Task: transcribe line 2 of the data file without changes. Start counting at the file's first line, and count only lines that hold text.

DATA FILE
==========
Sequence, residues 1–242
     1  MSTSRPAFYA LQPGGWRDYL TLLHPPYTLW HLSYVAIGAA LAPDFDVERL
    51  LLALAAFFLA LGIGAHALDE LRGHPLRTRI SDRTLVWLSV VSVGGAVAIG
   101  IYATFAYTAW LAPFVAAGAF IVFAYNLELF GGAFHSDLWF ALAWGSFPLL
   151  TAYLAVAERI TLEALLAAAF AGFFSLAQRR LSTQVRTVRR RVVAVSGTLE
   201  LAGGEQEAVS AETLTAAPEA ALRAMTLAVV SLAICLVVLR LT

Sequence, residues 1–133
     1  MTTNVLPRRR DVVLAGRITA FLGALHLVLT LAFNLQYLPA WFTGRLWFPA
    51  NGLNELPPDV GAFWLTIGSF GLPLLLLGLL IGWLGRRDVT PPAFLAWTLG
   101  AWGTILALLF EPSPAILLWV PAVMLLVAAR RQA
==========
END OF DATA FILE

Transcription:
     1  MSTSRPAFYA LQPGGWRDYL TLLHPPYTLW HLSYVAIGAA LAPDFDVERL